A few kilometers down the road from Sapa is a little village called Cat Cat. It’s a nice downhill hike with panoramic views of the mountains, small local farms, and green terraced fields of rice. The Hmong village is well-known for their unique ethnic handicrafts, gold and silver jewelry, and a very peaceful waterfall. A friendly gang of traveling Hmong saleswomen often hang out on the road down to Cat Cat. A little aggressive and relentless with their sales pitches, but they’re fairly harmless. They’re just trying to make a living.
The hike back up the hill to Sapa is more challenging, but the moto-taxis stationed along the route are ready to help the out-of-shape foreigners back up the steep road to Sapa. Nice relaxing village to wander, shop, and take time to observe the local Hmong people living their life. Interestingly, despite the name, no cats were spotted in the village or on any restaurant menus.
Trekking in Sapa among the Hmong
The most popular activity in the Sapa area is mountain trekking – exactly what I needed after 3 months in the intense urban chaos of Hanoi. With limited time, I opted for the shortest trek – 2 days/1 night – and joined a melting pot group of “Wonder Women” from all over the world – British-Nigerian “Super Model”, Dutch, Korean, and Austrian. They were “20-somethings” – I was a “50-something”, and felt really fortunate to be able to keep up with the young babes at my advanced age!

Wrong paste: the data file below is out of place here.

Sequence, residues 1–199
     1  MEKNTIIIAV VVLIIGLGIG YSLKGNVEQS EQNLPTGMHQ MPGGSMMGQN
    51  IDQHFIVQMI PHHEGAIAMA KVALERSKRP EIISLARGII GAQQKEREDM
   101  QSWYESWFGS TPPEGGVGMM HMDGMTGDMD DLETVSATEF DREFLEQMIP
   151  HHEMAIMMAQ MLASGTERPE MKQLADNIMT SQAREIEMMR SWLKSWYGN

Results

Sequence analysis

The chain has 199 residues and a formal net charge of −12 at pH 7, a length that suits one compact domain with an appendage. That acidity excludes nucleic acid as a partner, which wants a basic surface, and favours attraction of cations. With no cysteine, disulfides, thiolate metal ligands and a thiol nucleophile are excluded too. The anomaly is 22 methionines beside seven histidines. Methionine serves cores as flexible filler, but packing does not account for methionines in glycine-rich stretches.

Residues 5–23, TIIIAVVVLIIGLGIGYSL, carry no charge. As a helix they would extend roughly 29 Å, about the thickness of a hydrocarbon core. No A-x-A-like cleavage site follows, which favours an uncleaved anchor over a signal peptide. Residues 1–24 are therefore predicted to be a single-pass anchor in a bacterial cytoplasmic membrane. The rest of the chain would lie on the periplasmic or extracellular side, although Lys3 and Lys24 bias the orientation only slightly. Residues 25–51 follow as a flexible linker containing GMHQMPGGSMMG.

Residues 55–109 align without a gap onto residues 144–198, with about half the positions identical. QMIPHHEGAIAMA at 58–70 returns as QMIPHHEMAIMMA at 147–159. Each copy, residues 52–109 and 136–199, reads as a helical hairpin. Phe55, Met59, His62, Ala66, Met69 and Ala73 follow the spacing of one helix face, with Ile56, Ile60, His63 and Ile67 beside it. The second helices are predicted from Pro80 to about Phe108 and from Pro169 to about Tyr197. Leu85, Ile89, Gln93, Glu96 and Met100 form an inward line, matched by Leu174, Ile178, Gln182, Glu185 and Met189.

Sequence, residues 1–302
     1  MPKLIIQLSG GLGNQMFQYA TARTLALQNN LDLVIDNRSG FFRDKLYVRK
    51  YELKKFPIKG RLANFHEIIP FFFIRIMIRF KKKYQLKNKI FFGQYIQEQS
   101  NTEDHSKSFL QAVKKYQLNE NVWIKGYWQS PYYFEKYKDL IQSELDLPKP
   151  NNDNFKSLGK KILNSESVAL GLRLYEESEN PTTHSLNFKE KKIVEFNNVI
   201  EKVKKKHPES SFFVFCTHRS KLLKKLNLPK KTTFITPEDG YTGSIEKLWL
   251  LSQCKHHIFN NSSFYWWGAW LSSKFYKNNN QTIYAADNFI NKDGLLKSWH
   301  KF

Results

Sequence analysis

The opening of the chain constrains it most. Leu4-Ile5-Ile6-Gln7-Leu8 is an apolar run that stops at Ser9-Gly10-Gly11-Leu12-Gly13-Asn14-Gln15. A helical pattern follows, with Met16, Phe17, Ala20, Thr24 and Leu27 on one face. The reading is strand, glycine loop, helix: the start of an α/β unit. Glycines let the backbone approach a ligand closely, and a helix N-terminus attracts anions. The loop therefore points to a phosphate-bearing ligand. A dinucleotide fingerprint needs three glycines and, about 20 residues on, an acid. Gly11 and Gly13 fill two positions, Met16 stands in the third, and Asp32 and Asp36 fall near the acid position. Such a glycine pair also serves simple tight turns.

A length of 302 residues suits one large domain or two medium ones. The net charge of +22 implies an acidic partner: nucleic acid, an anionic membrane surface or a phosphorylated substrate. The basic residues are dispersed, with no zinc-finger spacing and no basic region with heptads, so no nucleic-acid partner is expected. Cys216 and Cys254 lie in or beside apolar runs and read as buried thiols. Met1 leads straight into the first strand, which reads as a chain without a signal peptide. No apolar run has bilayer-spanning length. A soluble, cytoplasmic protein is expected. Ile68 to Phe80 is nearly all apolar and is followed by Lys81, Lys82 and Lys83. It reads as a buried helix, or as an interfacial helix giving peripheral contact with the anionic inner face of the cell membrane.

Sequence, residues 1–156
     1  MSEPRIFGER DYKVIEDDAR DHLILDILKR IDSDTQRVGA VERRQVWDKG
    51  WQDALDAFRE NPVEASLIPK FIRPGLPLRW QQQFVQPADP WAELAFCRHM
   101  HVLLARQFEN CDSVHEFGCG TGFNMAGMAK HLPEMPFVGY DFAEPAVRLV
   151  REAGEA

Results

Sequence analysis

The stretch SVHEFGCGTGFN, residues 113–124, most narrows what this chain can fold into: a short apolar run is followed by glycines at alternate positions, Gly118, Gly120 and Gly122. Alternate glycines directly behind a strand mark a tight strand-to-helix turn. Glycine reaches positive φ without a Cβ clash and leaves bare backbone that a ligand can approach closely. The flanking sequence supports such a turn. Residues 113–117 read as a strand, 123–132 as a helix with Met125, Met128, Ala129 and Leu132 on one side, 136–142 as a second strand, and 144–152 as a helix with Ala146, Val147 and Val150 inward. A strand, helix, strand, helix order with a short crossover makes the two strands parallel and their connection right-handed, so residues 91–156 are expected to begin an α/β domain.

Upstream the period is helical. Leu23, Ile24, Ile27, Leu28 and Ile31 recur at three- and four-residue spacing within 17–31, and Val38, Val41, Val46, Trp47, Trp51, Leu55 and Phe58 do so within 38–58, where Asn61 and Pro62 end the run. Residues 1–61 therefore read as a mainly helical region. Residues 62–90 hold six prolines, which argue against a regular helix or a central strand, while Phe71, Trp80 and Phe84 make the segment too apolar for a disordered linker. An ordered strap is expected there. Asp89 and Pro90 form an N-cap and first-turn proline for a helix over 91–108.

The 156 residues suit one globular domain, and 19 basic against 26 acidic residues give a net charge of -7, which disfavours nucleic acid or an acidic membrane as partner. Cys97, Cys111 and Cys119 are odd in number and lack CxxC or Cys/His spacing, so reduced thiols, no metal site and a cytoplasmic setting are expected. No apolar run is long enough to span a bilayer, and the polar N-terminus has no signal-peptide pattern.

After a relatively easy and somewhat touristy first trekking day, we checked into our home-stay, much more luxurious than expected with indoor plumbing and real showers. We slept on fluffy futons in an upstairs loft, sort of barn-like but comfortable. Our host served dinner at a large outdoor picnic table instead spread out on the floor like in An Lac village, where I had done a previous Vietnamese home-stay.
Before dinner, we wandered around the neighborhood and stumbled upon the most beautiful happy hour spot, a small gazebo set among rice paddies with a stunning view. We hung out there and watched the sunset, an American, a Dutch, a British-Nigerian – three women of different generations, different backgrounds, connected in that perfect spot. We talked about meditation, swapped travel stories, took a deep breath and soaked in the perfection of that moment.